We’d crammed a whole lot of riding into a long three days, getting up with the sun, and going to bed long after it set, we’d had a taste of just how much could be achieved over a long weekend, with a group of mates, bikes and a car or two. The High Country area has so much to offer for the mountain bike enthusiast. With seven spots, all within short drives of each other, you can pick and choose your riding to suit your mood. There are all different types of accommodation available in every destination. The vibe within the towns is unique, and very pro-bike, with many bike shops around if you need anything (which I did on the first day, so shout-out to Pete at Cyclepath Bright for getting me back up and running). Jump onto Ride High Country
to learn more about the trails, places to see and accommodation. Now it’s time to get back on the road to Melbourne, but not without one last stop past the Bakery.
Local KnowledgeThe Climate & Wildlife:
Victoria's High Country is a place of high mountains, deep valleys, crystal clear rivers, and pristine lakes. Temperatures can change by as much as 10 degrees (C) between the valley and mountain peaks. It is a great place to escape the summer heat, but come prepared as even in the summer it can snow.
The High Country is a haven for indigenous wildlife including birds (king parrots, cockatoos, kookaburras, rosellas, and gang gangs are all in abundance) plus there are wallabies, echidnas, kangaroos, and wombats. Those with trained eyes will also be able to spot a koala or two. And did we mention cicadas in summer?
In summer, spectacular wildflowers are on display right across the region, especially the high mountain peaks like Falls Creek, Mt Buller, and Dinner Plain.Bike shop and repairs:
In Bright, both All Terrain Cycles
(MTB Specific) and CyclePath
are located in the heart of Bright and offer excellent service.
While in Beechworth, head to the walls of the Old Beechworth Gaol where you find Beechworth Cyclery
Before driving up to Falls Creek, drop in at Rocky Valley Bikes
in Mount Beauty to grab supplies. At Falls Creek, Blue Dirt Village Bike Hub
has limited supplies of new kit, tubes and other peripherals that you might need.Tech Tip:
With such unique park characteristics across each of Ride High Country's seven MTB parks, you could potentially select a different bike for each destination! If you are a one bike rides all type, we recommend a mid-travel trail bike (130-150mm travel) which will see you equipped to tackle all of the region's trails. If you are exclusively shuttling at Falls Creek and Bright
, an enduro bike would be the perfect weapon of choice.
And oh, keep an eye out for Former World Champion Paul van der Ploeg who frequents these trails.Food and Drink:
In Bright be sure to check out Bright Brewery
, Bright Chicken Shop, while Dr. Mauves
does some great end of ride cocktails.Bridge Road Brewery
is a staple of the Beechworth riding scene, drop-in for a world-beating pale ale and woodfired pizza, or get the famous Ned Kelly Pie and a Beesting at the Beechworth Bakery.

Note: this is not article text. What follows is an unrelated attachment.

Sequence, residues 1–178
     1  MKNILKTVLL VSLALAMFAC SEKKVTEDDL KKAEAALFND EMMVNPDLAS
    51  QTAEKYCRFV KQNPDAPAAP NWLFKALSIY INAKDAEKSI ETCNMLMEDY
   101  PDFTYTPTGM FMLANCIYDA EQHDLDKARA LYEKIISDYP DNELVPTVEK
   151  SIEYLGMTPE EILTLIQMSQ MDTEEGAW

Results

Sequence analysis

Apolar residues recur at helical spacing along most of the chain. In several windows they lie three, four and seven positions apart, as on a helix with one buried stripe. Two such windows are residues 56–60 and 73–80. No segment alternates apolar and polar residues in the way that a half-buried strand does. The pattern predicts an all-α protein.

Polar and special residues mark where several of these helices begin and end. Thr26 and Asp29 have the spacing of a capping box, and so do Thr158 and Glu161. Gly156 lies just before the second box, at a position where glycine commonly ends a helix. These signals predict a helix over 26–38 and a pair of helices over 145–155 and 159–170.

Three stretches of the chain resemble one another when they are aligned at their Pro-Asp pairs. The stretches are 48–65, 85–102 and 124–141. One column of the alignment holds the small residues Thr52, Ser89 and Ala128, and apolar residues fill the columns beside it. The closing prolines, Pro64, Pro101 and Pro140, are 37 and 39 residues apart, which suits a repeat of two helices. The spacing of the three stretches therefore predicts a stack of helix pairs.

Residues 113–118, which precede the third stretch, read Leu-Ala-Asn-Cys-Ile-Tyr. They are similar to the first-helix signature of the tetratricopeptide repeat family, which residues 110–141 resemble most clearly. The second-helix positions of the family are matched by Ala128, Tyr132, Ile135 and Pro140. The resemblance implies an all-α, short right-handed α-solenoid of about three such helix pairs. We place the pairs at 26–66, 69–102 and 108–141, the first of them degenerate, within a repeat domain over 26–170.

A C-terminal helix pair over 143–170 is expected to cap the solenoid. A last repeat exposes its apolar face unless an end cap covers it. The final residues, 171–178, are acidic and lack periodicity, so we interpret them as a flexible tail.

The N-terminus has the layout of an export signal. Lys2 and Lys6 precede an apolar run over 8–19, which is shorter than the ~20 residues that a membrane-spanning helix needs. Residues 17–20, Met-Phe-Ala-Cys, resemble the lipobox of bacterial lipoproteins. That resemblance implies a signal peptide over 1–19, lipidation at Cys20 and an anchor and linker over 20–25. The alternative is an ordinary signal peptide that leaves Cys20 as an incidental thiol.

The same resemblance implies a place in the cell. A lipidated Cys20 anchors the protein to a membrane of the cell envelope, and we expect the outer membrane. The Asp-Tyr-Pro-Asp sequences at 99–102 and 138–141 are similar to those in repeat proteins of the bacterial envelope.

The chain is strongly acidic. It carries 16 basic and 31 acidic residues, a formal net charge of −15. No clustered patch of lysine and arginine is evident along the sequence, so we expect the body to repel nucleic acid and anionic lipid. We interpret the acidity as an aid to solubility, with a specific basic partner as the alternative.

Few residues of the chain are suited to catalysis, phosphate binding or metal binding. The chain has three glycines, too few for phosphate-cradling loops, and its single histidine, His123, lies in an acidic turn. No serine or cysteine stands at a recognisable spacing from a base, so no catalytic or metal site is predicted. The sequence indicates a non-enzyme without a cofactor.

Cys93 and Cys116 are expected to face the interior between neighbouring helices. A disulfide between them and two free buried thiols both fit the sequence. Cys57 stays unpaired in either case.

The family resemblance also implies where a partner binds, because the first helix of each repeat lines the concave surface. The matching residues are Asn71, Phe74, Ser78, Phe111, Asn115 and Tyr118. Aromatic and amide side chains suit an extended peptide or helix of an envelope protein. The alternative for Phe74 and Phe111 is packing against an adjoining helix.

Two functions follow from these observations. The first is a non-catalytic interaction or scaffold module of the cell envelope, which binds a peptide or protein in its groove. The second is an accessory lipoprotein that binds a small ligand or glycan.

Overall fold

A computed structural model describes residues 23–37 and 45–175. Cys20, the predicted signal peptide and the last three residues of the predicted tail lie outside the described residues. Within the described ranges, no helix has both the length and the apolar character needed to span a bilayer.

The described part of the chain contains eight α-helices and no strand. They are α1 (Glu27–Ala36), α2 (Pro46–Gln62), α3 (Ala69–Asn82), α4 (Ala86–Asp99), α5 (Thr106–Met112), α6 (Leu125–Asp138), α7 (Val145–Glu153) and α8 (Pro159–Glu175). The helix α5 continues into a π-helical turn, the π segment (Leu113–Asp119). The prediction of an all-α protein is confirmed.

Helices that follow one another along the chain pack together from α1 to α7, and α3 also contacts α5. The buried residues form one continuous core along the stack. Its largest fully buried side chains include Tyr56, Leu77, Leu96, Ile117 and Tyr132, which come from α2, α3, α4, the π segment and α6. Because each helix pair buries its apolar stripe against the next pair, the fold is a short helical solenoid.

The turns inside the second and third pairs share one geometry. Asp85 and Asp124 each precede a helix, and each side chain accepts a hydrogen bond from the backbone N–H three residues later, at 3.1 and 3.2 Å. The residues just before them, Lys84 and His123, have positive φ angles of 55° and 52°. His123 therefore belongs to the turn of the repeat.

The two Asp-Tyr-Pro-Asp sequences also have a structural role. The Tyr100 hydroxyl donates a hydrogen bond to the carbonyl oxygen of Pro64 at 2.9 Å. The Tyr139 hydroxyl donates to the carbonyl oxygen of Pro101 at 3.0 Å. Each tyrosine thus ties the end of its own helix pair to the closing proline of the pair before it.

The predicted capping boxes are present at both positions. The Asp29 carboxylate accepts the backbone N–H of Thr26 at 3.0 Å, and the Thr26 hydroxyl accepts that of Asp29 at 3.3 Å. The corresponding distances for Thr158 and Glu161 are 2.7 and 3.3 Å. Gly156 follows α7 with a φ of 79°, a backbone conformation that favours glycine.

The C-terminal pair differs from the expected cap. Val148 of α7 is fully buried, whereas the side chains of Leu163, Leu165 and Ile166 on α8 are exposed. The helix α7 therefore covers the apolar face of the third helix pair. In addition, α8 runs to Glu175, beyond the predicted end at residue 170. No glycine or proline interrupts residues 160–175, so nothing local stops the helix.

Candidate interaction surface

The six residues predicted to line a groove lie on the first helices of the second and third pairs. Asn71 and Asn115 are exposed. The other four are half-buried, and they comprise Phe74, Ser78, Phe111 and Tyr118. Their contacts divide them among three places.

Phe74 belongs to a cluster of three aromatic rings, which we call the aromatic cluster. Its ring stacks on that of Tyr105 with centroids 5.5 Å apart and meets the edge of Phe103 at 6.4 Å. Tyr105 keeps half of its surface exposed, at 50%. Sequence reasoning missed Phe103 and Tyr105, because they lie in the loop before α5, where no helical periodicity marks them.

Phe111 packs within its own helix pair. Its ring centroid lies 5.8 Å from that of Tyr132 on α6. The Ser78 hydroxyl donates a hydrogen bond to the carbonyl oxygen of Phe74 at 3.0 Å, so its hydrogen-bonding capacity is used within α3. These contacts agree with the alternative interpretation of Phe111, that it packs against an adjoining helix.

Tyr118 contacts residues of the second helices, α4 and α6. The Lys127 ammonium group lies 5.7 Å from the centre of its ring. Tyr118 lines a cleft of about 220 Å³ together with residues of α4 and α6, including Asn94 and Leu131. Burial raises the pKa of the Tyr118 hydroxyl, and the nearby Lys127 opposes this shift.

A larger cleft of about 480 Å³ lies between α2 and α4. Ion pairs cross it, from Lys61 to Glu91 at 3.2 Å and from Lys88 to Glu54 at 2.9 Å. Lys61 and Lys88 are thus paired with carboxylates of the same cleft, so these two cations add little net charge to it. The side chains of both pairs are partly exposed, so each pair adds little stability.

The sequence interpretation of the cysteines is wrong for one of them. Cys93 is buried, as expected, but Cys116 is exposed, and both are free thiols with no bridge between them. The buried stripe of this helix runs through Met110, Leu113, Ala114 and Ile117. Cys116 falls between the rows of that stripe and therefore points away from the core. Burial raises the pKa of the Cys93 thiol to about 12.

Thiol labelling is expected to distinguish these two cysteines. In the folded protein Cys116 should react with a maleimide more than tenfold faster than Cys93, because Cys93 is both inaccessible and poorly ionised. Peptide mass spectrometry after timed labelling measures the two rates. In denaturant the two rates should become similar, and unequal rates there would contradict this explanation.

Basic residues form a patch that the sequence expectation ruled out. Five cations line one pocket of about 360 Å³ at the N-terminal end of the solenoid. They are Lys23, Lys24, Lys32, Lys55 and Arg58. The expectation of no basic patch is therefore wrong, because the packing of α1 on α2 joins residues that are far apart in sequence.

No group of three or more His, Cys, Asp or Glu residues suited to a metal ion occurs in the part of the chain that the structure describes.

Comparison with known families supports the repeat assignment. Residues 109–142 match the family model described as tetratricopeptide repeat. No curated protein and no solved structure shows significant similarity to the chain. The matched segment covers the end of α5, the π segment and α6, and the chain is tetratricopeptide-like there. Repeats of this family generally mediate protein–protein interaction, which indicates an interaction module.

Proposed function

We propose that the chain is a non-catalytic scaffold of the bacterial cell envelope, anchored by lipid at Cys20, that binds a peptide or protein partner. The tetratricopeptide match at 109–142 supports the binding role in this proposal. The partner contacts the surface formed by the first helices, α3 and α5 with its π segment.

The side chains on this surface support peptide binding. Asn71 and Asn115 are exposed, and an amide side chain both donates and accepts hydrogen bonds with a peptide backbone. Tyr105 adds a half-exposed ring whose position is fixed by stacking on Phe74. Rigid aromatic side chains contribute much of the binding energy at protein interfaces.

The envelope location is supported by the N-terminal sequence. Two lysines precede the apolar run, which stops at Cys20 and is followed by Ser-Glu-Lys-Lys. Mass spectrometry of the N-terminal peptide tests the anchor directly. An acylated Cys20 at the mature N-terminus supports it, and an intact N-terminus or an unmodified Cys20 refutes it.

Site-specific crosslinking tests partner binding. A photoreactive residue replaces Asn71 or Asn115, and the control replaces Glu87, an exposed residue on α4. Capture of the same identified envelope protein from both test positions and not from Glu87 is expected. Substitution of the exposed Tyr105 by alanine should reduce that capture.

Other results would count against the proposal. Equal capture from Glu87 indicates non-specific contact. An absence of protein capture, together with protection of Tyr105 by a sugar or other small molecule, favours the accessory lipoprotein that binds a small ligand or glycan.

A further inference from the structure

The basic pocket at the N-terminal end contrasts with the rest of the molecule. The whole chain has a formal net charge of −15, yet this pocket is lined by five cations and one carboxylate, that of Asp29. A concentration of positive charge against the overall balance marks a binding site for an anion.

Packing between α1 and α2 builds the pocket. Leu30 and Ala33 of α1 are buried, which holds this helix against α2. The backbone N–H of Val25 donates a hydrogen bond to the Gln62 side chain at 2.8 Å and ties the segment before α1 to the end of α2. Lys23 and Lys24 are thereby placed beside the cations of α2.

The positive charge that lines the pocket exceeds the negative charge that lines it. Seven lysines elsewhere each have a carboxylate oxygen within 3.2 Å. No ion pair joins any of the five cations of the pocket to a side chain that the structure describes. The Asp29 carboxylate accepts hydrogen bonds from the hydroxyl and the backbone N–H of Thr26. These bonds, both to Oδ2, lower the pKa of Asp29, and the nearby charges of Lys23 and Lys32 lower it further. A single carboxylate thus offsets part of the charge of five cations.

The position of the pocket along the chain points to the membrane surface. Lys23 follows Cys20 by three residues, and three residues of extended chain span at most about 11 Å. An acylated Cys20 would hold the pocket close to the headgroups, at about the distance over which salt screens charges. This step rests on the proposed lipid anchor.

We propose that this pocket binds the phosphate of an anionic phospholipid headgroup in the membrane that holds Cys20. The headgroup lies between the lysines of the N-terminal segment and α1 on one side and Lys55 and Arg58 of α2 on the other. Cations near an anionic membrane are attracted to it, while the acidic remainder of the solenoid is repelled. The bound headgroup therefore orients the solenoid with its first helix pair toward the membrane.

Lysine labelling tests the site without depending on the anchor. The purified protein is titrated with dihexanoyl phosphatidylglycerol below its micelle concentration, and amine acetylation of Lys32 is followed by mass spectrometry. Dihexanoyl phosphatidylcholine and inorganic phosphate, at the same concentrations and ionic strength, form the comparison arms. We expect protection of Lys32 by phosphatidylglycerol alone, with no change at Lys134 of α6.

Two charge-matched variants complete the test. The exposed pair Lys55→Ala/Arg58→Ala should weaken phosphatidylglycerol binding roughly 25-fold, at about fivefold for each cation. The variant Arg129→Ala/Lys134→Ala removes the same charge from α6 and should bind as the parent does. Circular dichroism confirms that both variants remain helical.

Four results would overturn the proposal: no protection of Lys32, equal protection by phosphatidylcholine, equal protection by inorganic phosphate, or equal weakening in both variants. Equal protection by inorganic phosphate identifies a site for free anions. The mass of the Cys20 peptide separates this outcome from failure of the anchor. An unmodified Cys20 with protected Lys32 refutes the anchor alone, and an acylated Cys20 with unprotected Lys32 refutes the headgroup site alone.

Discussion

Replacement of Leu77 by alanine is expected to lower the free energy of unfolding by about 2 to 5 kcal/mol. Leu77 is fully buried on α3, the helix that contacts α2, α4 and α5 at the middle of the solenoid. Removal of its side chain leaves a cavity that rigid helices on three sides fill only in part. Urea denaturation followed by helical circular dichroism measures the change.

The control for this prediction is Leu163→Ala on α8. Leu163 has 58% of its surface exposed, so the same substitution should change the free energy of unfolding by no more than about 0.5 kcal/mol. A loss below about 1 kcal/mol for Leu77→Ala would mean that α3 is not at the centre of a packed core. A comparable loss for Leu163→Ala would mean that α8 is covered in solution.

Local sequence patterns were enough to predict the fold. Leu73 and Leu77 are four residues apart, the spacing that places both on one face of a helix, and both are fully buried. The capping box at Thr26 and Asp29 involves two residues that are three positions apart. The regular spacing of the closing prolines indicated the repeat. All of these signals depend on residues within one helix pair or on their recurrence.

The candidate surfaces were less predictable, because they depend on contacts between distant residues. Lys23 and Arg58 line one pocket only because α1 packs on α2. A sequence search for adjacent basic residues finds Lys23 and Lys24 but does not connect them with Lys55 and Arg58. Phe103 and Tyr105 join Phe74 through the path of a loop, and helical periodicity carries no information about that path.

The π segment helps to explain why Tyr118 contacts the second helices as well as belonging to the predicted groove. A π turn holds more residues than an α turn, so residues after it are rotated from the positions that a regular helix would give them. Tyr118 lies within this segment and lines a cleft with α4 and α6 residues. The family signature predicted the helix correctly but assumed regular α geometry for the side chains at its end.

During your ride day at Falls Creek, swing by the Village Bike Café
for homemade pies, sausage rolls and wraps in between shuttles. Head to Frying Pan Inn Bar and Grill
or book at Diana Lodge
for something more substantial.
The High Country is famous for its fresh produce. Stop roadside to pick up a selection of goodies for your trip from the local farm gates. Stanley, near Beechworth, is a local favorite.Must Dos:
Take a dip after your ride in one of the pristine rivers or waterholes.
When riding in Bright, jump straight in Morses Creek post-ride (the park straddles the creek and there are numerous places to swim), head to the Bright Splash Park
in town, or ask a local how to find Sinclairs Waterhole.
Beechworth has the spectacular Woolshed Falls
nearby or you can join the locals at Lake Sambel
in the heart of town.
At Falls Creek
, check out Rocky Valley Lake at the resort or take the short ride to Pretty Valley pondage. The name does not disappoint!
Every good ride finishes with a beer, so grab one from any of the nine High Country Brewery Trail
breweries. Almost all of the brewers are keen mountain bikers who moved here to ride and quench your thirst. If you're lucky, they might even take you for a lap of their favorite trails.
Away from the bike, the High Country has a lot to offer. Not far from Bright is Mount Buffalo
with its spectacular 360-degree views. In Beechworth, history oozes out of the streets, so be sure to visit the Old Beechworth Gaol
which housed the infamous Bushranger Ned Kelly or take an Asylum Ghost Tour held at the historic Mayday Hills Lunatic Asylum
. At Falls Creek
, it's all about nature, so watch the Sunset from the summit of Mt McKay or explore the high country cattlemen's huts. Wallace’s Hut is only a short ride from the village.
Pinkbike would like to thank:Ride High CountryAlpine Cycling ClubFalls CreekBeechworth Chain Gang